Today, the Florida Chamber of Commerce’s Coalition for Legal Reform detailed three of the four common sense legal reforms that, if enacted, it says would improve Florida’s competitiveness and restore justice to families, consumers and small businesses. The three reforms detailed today included expert evidence, fair settlement and accuracy in damages. The fourth is medical malpractice, which the coalition is supporting in partnership with the health care community.
“Florida is one of the worst states in the nation for lawsuits; in fact, Florida’s 41st worst legal climate ranking puts our state in the bottom 10 in the nation – a reputation that does nothing to attract new businesses or give existing business owners the confidence they need to grow their business, make investments or increase their workforce,” said Mark Wilson, president and CEO of the Florida Chamber. “Today, the Florida Chamber’s Coalition for Legal Reform laid out common sense legal reforms that will help our state take a large step toward eliminating Florida’s reputation as a haven for unfair settlement lawsuits and stop plaintiff attorneys from coming to our state to play the lawsuit lottery.”
The Coalition for Legal Reform began by addressing the issue of expert evidence in a presentation by Mark Delegal, of Pennington, P.A. The coalition recommended that the legislature consider adopting the Daubert expert evidence standard.
“Science and technology have never been as important to the future of Florida and the U.S. as they are today,” said Delegal. “Yet Florida determines the reliability of expert evidence in its courtrooms by using an unreliable and unpredictable standard created in 1923 – the Frye standard. This antiquated standard makes Florida an outlier as every federal court in the Union utilizes the modern Daubert standard for expert evidence, as well as almost every state in the Union. In fact, every Southeastern state – the states that Florida competes with for businesses day in and day out – all use the Daubert Standard. To have a good economic environment for businesses to expand and prosper, it is vital that we modernize our legal climate to make it consistent and predictable for all.”
Following the discussion on expert evidence, the coalition addressed the Fair Settlement Act, commonly referred to as bad faith, in a presentation by George Meros of GrayRobinson, P.A. The coalition requested the committee and the legislature to consider implementing a fair timetable for both parties involved in third-party claims, and require that a person bringing an action for bad faith notify the insurer and the department in writing at least 60 days prior to commencement of the suit.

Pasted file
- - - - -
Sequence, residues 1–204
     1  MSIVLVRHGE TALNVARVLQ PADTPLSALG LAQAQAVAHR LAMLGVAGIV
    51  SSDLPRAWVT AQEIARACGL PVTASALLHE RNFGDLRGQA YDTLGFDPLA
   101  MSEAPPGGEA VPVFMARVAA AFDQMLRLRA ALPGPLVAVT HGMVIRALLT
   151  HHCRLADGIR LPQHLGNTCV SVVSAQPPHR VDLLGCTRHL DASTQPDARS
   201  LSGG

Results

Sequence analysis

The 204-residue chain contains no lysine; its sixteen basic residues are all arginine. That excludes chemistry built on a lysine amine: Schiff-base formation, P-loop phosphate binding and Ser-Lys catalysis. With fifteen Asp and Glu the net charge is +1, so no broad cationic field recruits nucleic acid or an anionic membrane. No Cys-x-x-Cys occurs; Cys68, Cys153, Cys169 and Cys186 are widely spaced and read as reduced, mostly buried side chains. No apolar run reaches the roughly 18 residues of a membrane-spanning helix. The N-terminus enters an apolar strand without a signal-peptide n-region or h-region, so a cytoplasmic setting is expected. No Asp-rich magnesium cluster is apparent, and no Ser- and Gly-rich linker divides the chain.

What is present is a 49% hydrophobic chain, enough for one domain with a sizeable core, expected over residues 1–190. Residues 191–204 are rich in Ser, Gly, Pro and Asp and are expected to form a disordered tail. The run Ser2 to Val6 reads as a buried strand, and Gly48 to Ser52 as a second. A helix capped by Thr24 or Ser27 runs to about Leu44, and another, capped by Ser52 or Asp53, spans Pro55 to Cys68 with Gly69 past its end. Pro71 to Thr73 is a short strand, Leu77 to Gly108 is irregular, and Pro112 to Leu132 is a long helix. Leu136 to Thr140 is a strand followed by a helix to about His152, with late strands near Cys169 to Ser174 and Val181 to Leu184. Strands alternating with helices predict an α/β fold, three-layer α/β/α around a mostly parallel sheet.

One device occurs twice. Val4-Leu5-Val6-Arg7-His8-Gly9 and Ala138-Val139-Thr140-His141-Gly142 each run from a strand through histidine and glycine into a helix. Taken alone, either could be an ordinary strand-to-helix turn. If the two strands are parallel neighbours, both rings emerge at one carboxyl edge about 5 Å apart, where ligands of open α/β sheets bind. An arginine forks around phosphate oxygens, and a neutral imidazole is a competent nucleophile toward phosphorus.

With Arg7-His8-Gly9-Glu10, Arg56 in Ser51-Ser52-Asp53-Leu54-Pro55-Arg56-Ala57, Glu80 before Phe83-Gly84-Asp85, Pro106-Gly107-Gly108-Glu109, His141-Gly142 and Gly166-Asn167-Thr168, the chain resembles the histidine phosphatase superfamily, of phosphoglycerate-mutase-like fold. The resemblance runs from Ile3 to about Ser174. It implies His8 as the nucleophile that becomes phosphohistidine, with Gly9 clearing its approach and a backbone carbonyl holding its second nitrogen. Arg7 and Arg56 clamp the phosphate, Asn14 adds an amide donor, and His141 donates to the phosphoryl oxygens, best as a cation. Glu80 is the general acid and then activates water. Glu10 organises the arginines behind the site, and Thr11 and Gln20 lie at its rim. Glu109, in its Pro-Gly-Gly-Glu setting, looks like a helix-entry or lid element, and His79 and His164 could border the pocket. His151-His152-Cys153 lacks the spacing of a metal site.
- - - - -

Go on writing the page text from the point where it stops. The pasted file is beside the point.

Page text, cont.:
“The problem with our current legal climate is that an incentive currently exists for plaintiff attorneys to frustrate the settlement process and file a bad faith claim in order to turn a policy limit into a multimillion dollar settlement,” said Meros. “Florida’s worsening bad faith litigation environment leads to encouraging meritless claims, premiums rising, insurers leaving the state and leaving responsible consumers to ultimately foot the bill. This is bad for consumers, bad for the business community and bad for our overall economic stability as a state.”
The Coalition for Legal Reform concluded by addressing accuracy in damages during a presentation by Mike Mitchell, legislative affairs director for Publix Super Markets, Inc. The coalition detailed several changes to the current law relating to accuracy in damages, including changing the law so that when the plaintiff has health insurance, the evidence the jury sees reflects the amount the medical care provider actually received for the care they were provided; changing the law so in situations where the plaintiff does not have health insurance, recovery can be limited to past and future medical care by plaintiffs in all personal injury cases to what is customarily accepted for such care; and changing the law to be written so that a party may present valid evidence that treatment was not medically necessary.
“Under current Florida law, during litigation for incidents like slip and falls, defendants, who are often businesses like Publix, can be required to pay two, three, even four times the amount that the plaintiff – or the plaintiff’s insurer – actually paid or will pay for medical care. These additional amounts are known as phantom damages,” said William Large of the Florida Justice Reform Institute. “What we presented to the Senate Judiciary Committee today are simple changes to Florida’s legal environment that will help propel our businesses forward and give business owners the confidence and predictability they need to grow their workforce.”
“When you consider that four out of five jobs in Florida will come from small businesses in the next 10 years, and that one of the biggest injustices they face is our state’s current legal climate, restoring justice and fairness is essential,” added Wilson. “We must stop importing litigation to Florida and start growing and importing jobs. Our neighboring competitor states have modernized their legal reform systems and, by not making these changes, we leave Florida at a competitive disadvantage.”